A red-spotted purple butterfly rests on Houston Herald writer Doug Davison's hand during a paddling outing at Noblett Lake in western Howell County.

The red-spotted purple butterfly is a species common all over the eastern U.S.

For all you armchair entomologists, its scientific name is Limenitis arthemis astyanax, a sub-species of Limenitis arthemis. But while this particular insect family may be common, my wife Wendy and I met a very uncommon member of the family during a kayak outing last Saturday.

This time, we took out boats to Noblett Lake, a 26-acre body of water nestled in the Mark Twain National Forest in northwestern Howell County. You might recall that Noble tt Lake was drained by vandals in August 2011, who basically removed the metal spillway plate in the lake’s concrete dam constructed years ago by the Civilian Conservation Corps.

But the dam was repaired by the U.S. Forest Service and the lake eventually filled back up, and there is now no noticeable evidence of the crime.

Noblett Lake and the surrounding recreation area (including a day use area equipped with a large pavilion also built by the CCC, and a primitive campground below the dam) is once again a fine example of the beauty that exists in many corners of the Ozarks.

Anyway, we put our boats in at a nicely cleared launch area adjacent to the dam on the south end of the lake, loaded up Gertie (the Permapup) in mine and away we went. The weather that day was ideal, as substantially less heat was in the air than on many recent Saturdays (although a good amount of tropical-like humidity was certainly there).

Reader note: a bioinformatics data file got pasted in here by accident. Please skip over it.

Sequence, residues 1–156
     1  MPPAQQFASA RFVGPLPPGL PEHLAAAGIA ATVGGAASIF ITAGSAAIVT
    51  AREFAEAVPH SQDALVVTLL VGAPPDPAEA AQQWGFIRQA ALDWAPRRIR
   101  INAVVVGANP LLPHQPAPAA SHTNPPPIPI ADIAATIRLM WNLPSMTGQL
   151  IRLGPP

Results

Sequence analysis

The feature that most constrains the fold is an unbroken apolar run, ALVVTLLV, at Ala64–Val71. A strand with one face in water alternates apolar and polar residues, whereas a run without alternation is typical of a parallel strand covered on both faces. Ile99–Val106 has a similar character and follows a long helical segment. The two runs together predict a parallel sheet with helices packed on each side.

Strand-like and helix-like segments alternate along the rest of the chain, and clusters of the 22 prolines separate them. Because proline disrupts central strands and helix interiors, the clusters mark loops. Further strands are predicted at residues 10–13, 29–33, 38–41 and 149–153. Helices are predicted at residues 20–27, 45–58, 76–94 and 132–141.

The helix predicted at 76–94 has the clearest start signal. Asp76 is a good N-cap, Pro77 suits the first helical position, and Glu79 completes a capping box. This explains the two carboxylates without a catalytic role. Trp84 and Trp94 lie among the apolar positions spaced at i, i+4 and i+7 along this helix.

We passed near the dam, and then turned north along a gorgeous rock bluff below a big, steep, forested hill that rose sharply to the west.

We hadn’t gone very far when a butterfly stopped by my boat.

We were like, “Wow, neat — that’s a pretty one.”

Then it began.

The flying bug landed on my left wrist. I was like, “How about that.”

Then it landed on my paddle. And stayed.

I figured we weren’t going to remain in that spot all day waiting for a butterfly to leave, so I started paddling. The dang butterfly stayed put.

At that point Wendy and I were officially amazed. I didn’t name him while we were there, but I have since decided his name was Spike, since this bug was acting more like a dog than an insect.

After a little while, I stopped and Spike took off, circled a bit, and landed again on my right pinky finger. I paddle some more and he went right along for the ride.

I stopped again, and Spike went airborne again. This time, he circled around the floating Pembroke Welsh Corgi’s snout and actually attempted to land on it. Gertie snapped and Spike flitted upward.

I’m pretty sure I heard him laughing and giggling as he did.

Moments later, he paid a visit to Wendy’s kayak, landing on the bow to pose for a good photo.

Then he came back to my boat and we continued on as if nothing unusual was going on.

Finally, we came to a shallow area where lily pads were growing and the first of many large dragon-flies we saw came my way. Spike took offense and headed away for good.

In all, the butterfly that adopted us had been with us for about 20 minutes.

We weren’t even half done with our outing, so we continued on and saw much more beauty, heard a crowd of bullfrogs fire up a chorus and generally enjoyed every minute.

But the highlight of the day was Spike. At one point I almost asked him if he wanted to join us for dinner.

But I guess he had other plans, anyway.

Doug Davison is a writer, photographer and newsroom assistant for the Houston Herald. His columns are posted online at www.houstonherald.com. Email: ddavison@houstonherald.com.

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